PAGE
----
Center for Justice and International Law (CEJIL)


ACHPR73: The Esperanza Protocol, a roadmap towards addressing threats against human rights defenders

On 24 October, the Centre for Justice and International Law (CEJIL), Redress, Center for the Study of Violence and Reconciliation (CSVR), Defend Defenders, Institute for Human Rights and Development in Africa (IHRDA) and RFK Human Rights officially launched the Esperanza Protocol on the margins of the ordinary session of the African Commission on Human and Peoples’ Rights.

In December 2021, more than 20 human rights organisations from around the world and more than 30 experts in international law, human rights law and criminal law, including current and former UN and OAS rapporteurs, launched the Esperanza Protocol.

“The Esperanza Protocol is an international tool that promotes an effective response to threats against human rights defenders. The Protocol provides a roadmap for establishing public policies to effectively address threats, as well as guidelines to States for diligent criminal investigation” introduced Alejandra Vicente, Head of Law at REDRESS. 

The side event focused on the importance of instruments such as the Esperanza Protocol, which includes considerations of international human rights law that must be considered when responding to threats against human rights defenders, including key aspects of the legal analysis of threats, public and criminal policy considerations, and the evaluation of due diligence in the investigation, prosecution, punishment, and reparation of threats against human rights defenders.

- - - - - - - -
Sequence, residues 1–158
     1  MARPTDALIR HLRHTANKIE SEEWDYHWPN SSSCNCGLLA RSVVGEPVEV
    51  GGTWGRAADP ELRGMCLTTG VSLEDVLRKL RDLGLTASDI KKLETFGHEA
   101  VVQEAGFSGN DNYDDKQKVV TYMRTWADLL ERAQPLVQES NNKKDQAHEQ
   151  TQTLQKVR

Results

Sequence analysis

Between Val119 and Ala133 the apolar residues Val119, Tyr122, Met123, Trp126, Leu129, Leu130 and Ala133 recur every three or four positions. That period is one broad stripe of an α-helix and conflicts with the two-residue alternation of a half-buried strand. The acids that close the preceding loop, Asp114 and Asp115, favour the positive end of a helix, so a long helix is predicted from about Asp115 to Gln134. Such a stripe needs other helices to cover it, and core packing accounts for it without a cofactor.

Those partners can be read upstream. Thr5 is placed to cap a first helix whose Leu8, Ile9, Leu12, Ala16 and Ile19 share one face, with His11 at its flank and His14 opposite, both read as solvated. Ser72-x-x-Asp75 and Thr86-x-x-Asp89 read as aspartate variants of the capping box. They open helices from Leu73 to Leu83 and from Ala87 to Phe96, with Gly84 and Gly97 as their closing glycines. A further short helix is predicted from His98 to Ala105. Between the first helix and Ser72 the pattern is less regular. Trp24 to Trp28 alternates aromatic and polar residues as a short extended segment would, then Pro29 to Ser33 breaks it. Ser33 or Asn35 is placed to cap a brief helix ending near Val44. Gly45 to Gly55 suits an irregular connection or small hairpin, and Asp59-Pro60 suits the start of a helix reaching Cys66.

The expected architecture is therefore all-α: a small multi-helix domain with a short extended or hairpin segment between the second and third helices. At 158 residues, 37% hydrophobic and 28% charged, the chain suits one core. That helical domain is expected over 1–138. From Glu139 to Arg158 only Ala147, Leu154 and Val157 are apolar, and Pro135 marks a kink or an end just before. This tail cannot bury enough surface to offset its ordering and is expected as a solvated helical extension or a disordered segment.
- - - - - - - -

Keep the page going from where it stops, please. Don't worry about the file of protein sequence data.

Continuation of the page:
“Too often, threats are used to silence human rights defenders. It has a direct impact on their rights and can lead to extensive moral and psychological harm,” said Commissioner Remy Ngoy Lumbu, ACHPR Special Rapporteur on human rights defenders and focal point on reprisals.

The side event was the opportunity to introduce the Esperanza Protocol to States, human rights defenders and international organisations working with grassroots organisations and defenders that are victims of threats. It provided a space for discussion on the need to effectively investigate, prosecute, and punish threats against human rights defenders and understanding threats as a pressing and serious human rights issue that usually goes unpunished globally. 

“The guidelines provided by the Protocol to promote an adequate response to threats against defenders align with ISHR’s work to strengthen legal frameworks for the protection of human right defenders. Strengthening legal frameworks must be seen as having two key elements: developing laws, policies and protocols for the protection of defenders, as well as amending or repealing laws which restrict the rights of defenders,” added Adélaïde Etong Kame, ISHR Africa Programme Manager.

To conclude, all attendees and panellists expressed their pleasure in participating in this conversation and committed to further discuss an implementation and dissemination strategy for the Protocol.

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